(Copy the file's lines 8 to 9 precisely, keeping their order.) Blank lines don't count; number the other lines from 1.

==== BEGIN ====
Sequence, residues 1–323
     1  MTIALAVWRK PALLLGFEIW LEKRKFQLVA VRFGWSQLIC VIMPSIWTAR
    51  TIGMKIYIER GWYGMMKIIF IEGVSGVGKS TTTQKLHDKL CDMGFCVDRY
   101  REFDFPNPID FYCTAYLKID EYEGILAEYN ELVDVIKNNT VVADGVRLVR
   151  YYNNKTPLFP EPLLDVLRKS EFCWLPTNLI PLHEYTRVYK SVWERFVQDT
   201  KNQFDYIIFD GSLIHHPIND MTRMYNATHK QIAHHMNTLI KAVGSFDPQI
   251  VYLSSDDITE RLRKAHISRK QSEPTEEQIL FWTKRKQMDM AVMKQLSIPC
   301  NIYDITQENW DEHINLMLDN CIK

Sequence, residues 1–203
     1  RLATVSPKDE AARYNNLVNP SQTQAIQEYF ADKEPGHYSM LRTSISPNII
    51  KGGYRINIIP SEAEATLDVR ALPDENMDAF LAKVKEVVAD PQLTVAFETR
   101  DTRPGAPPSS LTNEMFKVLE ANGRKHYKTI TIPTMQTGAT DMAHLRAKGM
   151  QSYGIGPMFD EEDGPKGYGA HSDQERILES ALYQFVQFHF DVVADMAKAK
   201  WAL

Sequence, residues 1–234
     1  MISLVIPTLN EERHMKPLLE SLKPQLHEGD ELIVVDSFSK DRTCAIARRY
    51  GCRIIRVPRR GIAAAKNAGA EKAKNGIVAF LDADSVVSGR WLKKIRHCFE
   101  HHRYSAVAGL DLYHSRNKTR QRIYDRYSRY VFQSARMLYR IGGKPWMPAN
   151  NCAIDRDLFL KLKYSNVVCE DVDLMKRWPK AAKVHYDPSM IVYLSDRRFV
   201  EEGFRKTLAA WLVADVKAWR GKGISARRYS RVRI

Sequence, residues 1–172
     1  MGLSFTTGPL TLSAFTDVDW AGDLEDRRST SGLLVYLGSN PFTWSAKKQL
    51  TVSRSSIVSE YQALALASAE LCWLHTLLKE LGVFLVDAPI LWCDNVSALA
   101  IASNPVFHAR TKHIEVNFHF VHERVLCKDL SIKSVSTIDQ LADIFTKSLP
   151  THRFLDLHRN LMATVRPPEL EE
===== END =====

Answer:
   301  NIYDITQENW DEHINLMLDN CIK

Sequence, residues 1–203